Newspaper article Pittsburgh Post-Gazette (Pittsburgh, PA)

Call for Justice Marchers Don't Want Mothershot While Holding Infant to Be Forgotten

Newspaper article Pittsburgh Post-Gazette (Pittsburgh, PA)

Call for Justice Marchers Don't Want Mothershot While Holding Infant to Be Forgotten

Article excerpt

They walked a mile through the streets of Perry South, chanting "What happened to Nicole?" at the police who escorted them, and at the silent North Charles Street homes that lined their path.

But when their journey - and a testy confrontation with city officers - ended, the nearly 100 people mourning Nicole Dailey were no closer to understanding her death.

"She was the light of the world. I want people not to be afraid to speak up," said LaKesha Lowry, who said she had taken Ms. Dailey, 26, into her heart as a daughter 10 years ago: "I didn't need blood to be her mother," she said.

Ms. Dailey was shot around 11:15 p.m. on Aug. 6, still holding her infant daughter, Nia, in her arms. Officers found her in a vacant lot across the street from her home, near the intersection of Strauss and North Charles streets. She was later pronounced dead at the hospital.

Pittsburgh police have not identified a suspect nor a motive, and friends said it was hard to imagine one.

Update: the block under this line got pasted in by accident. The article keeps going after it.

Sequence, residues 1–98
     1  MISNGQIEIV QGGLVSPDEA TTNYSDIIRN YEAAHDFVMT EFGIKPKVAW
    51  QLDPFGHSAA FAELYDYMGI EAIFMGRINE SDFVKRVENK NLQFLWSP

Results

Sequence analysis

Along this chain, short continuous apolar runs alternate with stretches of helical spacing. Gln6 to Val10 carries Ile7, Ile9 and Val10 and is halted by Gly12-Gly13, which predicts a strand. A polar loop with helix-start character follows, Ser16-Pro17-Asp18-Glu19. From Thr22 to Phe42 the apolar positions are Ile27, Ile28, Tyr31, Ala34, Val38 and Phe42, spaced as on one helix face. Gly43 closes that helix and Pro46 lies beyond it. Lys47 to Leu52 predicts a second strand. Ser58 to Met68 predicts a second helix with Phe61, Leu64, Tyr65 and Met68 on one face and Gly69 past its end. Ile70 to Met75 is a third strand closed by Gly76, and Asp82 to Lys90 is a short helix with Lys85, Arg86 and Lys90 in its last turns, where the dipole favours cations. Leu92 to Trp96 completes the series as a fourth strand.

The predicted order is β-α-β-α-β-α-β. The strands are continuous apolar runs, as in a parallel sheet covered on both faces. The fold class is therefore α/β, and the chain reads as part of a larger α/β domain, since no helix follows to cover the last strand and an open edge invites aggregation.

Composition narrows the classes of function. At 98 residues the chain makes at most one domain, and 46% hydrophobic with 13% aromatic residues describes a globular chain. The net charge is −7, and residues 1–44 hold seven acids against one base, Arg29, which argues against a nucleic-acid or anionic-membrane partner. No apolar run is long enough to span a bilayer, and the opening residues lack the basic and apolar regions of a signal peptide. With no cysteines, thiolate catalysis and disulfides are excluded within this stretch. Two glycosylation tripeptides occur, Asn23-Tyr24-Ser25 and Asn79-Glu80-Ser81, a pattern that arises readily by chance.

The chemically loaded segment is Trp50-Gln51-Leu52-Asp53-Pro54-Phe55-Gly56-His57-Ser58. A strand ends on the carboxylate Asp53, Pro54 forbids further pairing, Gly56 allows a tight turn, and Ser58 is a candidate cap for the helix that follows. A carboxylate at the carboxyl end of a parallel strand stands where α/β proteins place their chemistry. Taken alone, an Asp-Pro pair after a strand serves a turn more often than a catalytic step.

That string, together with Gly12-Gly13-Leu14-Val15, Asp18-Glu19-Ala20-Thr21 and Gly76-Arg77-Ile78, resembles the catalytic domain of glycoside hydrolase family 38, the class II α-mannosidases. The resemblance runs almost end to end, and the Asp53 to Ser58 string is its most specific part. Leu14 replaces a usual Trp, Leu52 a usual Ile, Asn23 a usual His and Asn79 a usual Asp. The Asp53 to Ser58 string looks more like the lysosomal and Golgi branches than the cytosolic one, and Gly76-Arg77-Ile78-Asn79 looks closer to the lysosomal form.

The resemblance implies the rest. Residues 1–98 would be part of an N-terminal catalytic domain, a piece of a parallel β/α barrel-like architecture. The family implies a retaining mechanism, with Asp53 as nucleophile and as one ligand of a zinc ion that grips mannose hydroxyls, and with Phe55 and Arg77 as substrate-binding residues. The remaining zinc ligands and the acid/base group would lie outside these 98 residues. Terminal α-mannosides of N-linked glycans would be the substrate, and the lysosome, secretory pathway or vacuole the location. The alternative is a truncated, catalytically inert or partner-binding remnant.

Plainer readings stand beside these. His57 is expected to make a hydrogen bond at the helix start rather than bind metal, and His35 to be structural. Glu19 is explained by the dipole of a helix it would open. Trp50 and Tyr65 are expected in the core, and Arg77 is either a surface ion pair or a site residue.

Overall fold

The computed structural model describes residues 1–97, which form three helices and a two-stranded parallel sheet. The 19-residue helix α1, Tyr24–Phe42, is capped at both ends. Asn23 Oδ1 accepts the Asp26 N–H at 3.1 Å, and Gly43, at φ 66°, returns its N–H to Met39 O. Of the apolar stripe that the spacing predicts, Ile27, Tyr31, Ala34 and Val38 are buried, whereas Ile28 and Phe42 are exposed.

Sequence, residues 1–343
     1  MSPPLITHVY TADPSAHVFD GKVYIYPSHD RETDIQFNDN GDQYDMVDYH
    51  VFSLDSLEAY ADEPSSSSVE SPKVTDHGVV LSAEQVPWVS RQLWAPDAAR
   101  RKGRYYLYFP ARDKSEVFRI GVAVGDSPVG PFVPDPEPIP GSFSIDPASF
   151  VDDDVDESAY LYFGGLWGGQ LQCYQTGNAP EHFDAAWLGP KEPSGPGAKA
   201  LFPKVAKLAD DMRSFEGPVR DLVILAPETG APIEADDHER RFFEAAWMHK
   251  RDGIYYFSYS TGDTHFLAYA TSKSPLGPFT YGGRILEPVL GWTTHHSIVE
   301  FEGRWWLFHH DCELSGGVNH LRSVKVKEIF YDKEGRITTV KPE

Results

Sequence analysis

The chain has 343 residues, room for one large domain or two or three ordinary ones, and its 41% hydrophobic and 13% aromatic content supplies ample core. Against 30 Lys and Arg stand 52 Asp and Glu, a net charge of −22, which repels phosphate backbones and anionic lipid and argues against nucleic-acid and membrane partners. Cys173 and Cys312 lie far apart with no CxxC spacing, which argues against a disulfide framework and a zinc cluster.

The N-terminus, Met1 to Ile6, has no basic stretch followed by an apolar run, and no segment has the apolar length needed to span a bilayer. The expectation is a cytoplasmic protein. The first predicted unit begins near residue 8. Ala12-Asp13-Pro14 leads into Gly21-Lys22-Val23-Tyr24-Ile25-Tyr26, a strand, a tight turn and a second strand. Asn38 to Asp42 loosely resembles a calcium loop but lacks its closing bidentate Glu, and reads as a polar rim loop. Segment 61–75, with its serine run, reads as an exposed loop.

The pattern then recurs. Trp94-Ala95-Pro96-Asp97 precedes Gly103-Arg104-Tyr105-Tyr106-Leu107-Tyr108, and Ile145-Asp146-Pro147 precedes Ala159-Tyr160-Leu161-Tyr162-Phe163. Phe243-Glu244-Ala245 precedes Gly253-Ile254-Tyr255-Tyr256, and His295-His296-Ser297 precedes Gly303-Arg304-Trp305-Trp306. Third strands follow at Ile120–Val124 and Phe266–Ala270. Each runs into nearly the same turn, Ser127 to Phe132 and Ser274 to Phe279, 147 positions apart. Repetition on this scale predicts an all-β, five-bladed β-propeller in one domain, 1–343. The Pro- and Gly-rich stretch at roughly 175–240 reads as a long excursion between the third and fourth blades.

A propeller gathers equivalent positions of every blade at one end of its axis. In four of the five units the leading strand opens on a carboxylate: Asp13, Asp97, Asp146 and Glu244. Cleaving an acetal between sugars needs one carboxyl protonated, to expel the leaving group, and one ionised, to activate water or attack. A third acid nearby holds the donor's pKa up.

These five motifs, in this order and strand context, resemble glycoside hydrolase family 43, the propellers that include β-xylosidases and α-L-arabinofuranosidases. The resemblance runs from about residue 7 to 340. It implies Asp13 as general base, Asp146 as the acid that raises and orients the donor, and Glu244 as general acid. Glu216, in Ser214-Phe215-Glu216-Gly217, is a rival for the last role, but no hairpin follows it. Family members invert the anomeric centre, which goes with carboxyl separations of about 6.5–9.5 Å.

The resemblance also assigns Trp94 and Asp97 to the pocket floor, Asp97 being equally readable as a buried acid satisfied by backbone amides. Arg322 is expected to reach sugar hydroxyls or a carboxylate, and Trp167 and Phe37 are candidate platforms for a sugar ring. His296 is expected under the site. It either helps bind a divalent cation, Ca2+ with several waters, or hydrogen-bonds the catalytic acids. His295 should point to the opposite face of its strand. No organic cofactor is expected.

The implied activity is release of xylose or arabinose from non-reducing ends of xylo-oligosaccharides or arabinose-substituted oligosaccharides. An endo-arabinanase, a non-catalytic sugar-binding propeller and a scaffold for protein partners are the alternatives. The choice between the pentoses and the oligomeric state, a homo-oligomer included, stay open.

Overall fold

"She didn't have a bad bone in her body," said Jasmine Jones, who attended Edinboro University with Ms. Dailey. "She made herself known in a room - singing, being goofy."

"Her duty was to make sure everybody got loved," agreed Nicole James, another Edinboro friend.

Nine-month-old Nia was not injured and is "doing well" with family, Ms. Lowry said. "But somebody took my baby away from her baby."

For other protesters, that sorrow mixed with anger over other unsolved cases involving the deaths of black women.

Marchers carried signs bearing the names of 13 other black female murder victims in the city, and several said police and the press devoted less attention to crimes when black women and transgender people were victims.

"We want justice for black women in Pittsburgh!" called out Ramona Jones, an activist with the New Afrikan Independence Party.

Mourners stopped at a shrine - a cross bedecked with photos, scores of votive candles, and a Care Bear - in the grassy lot where Ms. Dailey died. They recited the names of others lost to violence as rosewater was sprinkled at the altar, and pleaded with neighbors to help identify her killer. …

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